The science of bubbles is in the surface tension. As you know from running water into a washbasin, adding even a bit of soap stabilizes the bubbles, making them larger and longer lasting. The iridescent colors are caused by interfering light waves, determined by the thickness of the film—like the refraction of light in an oil slick. From ancient Roman times, bubbles symbolized the fragile transience of life (from the Latin, homo bullas='man is a bubble'). In the 17th century, paintings of children with bubble pipes became popular, though it was with the development of skin-sensitive soaps in the late 18th century that bubbles became a true children's toy.
Similarly in Japan, the word for soap derives from Portuguese and bubble blowing became popular in the 18th century. Traditionally, shabondama, soap bubbles, have been a kigo for spring, though the modern saijiki has reclassified them into a cross-seasonal category. At the World Kigo project, Gabi Greve has collected a delightful page of resources, images and haiku, where she writes of the itinerant peddlers with their distinctive headgear who would appear each spring selling bubble makers to children. Supposedly, bubble blowers remain the largest selling toy worldwide.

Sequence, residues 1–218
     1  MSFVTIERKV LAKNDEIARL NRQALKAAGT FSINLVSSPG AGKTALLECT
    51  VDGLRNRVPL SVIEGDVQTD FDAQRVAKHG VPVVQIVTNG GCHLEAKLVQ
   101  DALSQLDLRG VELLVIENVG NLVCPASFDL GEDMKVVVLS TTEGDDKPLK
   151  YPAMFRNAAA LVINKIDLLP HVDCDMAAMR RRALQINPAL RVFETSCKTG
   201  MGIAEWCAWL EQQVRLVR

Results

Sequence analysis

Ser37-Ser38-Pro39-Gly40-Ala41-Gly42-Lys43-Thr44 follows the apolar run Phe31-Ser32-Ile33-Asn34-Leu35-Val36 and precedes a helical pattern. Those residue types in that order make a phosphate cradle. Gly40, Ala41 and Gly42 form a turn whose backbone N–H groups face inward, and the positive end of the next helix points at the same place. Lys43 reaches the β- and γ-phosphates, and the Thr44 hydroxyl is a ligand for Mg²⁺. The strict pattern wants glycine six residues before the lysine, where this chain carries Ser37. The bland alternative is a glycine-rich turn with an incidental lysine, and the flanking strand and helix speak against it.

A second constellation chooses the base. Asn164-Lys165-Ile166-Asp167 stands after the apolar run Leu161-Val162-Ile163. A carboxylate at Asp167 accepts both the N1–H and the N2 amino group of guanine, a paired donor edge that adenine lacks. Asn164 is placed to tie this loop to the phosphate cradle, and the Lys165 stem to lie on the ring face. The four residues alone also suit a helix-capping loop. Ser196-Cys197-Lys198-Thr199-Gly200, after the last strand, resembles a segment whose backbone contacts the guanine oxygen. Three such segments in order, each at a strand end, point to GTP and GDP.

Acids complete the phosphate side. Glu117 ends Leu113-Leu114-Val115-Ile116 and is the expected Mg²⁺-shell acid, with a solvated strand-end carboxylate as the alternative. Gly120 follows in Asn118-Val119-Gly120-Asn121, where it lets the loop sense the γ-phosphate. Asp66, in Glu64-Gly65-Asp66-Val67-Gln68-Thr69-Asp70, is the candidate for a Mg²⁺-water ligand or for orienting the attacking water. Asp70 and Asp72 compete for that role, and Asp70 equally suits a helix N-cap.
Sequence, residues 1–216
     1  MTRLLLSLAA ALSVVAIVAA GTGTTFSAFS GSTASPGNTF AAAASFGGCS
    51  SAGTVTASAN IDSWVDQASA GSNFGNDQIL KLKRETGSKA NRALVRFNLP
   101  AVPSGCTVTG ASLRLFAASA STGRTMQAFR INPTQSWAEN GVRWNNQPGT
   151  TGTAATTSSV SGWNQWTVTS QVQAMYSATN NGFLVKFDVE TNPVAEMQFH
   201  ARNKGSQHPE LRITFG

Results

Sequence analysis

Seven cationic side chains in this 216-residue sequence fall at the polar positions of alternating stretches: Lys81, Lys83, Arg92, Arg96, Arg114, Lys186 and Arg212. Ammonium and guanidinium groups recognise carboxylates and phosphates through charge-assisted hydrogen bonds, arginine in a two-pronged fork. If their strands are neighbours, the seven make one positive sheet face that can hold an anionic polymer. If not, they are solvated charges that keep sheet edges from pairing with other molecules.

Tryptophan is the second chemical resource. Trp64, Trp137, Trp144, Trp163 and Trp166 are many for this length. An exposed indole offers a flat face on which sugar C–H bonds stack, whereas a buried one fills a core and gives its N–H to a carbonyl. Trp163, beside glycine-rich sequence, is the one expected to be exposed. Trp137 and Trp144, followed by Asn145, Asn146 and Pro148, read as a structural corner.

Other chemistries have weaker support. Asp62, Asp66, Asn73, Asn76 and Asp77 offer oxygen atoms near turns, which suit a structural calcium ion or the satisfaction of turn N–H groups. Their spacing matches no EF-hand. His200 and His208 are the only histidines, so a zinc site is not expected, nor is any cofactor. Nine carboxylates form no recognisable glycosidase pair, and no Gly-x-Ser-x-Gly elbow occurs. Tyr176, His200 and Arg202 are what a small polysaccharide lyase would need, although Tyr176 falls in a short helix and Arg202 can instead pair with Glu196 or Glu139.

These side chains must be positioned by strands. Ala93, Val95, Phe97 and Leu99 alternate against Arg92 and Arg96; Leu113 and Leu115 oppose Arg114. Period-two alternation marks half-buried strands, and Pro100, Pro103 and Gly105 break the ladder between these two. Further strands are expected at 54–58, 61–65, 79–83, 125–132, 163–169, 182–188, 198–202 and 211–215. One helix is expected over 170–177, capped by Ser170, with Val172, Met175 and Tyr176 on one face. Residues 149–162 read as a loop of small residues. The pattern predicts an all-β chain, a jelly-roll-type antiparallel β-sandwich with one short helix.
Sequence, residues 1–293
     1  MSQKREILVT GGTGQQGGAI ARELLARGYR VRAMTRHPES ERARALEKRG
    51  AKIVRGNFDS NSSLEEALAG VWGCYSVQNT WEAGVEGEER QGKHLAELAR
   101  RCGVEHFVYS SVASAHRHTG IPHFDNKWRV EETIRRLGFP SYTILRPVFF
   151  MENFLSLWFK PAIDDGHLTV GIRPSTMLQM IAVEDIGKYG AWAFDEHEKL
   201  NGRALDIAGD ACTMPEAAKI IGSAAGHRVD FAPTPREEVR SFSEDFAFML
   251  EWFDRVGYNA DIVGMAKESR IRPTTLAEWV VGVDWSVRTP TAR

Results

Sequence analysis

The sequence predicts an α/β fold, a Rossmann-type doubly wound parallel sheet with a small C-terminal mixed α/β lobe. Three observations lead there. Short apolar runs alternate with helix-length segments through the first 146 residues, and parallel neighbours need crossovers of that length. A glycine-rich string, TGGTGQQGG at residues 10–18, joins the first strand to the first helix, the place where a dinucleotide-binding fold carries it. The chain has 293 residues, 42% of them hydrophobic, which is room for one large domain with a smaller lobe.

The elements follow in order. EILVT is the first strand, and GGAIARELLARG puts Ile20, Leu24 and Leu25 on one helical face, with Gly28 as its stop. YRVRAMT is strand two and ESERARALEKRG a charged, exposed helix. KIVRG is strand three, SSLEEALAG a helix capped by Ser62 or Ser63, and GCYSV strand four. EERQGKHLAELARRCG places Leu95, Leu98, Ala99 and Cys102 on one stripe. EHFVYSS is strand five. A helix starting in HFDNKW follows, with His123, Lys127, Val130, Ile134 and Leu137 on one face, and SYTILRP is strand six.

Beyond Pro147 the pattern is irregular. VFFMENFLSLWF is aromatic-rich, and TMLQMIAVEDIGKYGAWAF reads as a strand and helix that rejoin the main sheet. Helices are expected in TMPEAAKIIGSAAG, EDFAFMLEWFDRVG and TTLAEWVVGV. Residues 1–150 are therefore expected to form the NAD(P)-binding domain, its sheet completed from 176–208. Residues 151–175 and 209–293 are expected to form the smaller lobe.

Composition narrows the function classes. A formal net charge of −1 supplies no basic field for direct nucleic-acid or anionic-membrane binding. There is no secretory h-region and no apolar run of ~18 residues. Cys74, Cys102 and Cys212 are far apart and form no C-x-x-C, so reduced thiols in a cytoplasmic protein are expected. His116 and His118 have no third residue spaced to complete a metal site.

In December when I announced that 'play' would be the June Contemporary Haiga challenge, I was planning to theme the issue around the games that children play at recess as the weather warms and the school year draws to a close. At some point, perhaps as I was preparing my ideas for the flash banner on the entry page, art took over and my bouncing playground ball became an evanescent trail of soap bubbles.
Thus, welcome to our Bubble Wand issue! Many thanks once again to our team of resident artists, Hiromi, Shisen, Mary and Choshi, as well as to all our readers and participants.
With all our best wishes for the forthcoming summer solstice,